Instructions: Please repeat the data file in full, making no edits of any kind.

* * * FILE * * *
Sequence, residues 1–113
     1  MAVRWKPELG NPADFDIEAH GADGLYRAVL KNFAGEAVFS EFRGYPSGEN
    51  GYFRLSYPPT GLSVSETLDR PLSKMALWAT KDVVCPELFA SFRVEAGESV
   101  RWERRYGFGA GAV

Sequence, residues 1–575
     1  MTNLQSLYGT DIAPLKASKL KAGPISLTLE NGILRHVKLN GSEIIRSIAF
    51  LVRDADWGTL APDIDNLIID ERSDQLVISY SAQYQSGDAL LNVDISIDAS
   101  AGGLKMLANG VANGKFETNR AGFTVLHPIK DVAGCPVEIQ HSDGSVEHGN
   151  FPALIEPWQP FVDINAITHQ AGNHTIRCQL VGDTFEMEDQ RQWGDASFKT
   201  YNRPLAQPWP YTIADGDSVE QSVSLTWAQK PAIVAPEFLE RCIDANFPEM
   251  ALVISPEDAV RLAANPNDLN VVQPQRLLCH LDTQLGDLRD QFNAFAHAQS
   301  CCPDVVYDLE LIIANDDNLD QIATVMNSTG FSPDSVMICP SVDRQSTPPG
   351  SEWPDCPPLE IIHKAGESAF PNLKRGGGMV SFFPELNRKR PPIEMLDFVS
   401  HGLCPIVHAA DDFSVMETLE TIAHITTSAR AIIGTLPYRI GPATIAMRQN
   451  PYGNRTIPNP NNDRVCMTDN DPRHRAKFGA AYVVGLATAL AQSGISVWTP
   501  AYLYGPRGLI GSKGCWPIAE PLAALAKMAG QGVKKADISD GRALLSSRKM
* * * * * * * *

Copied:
Sequence, residues 1–113
     1  MAVRWKPELG NPADFDIEAH GADGLYRAVL KNFAGEAVFS EFRGYPSGEN
    51  GYFRLSYPPT GLSVSETLDR PLSKMALWAT KDVVCPELFA SFRVEAGESV
   101  RWERRYGFGA GAV

Sequence, residues 1–575
     1  MTNLQSLYGT DIAPLKASKL KAGPISLTLE NGILRHVKLN GSEIIRSIAF
    51  LVRDADWGTL APDIDNLIID ERSDQLVISY SAQYQSGDAL LNVDISIDAS
   101  AGGLKMLANG VANGKFETNR AGFTVLHPIK DVAGCPVEIQ HSDGSVEHGN
   151  FPALIEPWQP FVDINAITHQ AGNHTIRCQL VGDTFEMEDQ RQWGDASFKT
   201  YNRPLAQPWP YTIADGDSVE QSVSLTWAQK PAIVAPEFLE RCIDANFPEM
   251  ALVISPEDAV RLAANPNDLN VVQPQRLLCH LDTQLGDLRD QFNAFAHAQS
   301  CCPDVVYDLE LIIANDDNLD QIATVMNSTG FSPDSVMICP SVDRQSTPPG
   351  SEWPDCPPLE IIHKAGESAF PNLKRGGGMV SFFPELNRKR PPIEMLDFVS
   401  HGLCPIVHAA DDFSVMETLE TIAHITTSAR AIIGTLPYRI GPATIAMRQN
   451  PYGNRTIPNP NNDRVCMTDN DPRHRAKFGA AYVVGLATAL AQSGISVWTP
   501  AYLYGPRGLI GSKGCWPIAE PLAALAKMAG QGVKKADISD GRALLSSRKM